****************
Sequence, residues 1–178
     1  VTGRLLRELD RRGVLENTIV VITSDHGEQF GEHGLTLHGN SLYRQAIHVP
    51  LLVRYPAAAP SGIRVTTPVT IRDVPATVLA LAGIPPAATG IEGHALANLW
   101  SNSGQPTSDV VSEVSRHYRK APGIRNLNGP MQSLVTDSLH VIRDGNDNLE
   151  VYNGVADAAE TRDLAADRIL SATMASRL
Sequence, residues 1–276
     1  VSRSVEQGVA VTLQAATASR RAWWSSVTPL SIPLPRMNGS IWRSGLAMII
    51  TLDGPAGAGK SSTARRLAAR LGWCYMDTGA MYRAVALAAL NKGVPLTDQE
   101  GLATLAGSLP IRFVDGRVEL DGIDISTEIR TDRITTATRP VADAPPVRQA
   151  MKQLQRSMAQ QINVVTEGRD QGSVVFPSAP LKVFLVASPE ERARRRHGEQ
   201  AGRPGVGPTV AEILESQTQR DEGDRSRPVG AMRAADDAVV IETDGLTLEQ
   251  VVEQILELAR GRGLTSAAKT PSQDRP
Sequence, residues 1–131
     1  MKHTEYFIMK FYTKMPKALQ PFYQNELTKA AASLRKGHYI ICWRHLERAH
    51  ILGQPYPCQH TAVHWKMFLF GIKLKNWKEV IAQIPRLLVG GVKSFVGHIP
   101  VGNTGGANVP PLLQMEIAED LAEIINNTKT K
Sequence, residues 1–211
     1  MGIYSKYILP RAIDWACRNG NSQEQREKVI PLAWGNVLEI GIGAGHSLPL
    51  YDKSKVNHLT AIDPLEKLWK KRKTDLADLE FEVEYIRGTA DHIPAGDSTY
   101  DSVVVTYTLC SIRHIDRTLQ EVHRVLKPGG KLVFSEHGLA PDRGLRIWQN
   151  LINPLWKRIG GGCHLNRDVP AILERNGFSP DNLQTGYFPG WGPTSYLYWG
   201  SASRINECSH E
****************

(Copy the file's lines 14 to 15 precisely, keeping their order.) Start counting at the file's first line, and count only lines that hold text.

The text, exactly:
     1  MKHTEYFIMK FYTKMPKALQ PFYQNELTKA AASLRKGHYI ICWRHLERAH
    51  ILGQPYPCQH TAVHWKMFLF GIKLKNWKEV IAQIPRLLVG GVKSFVGHIP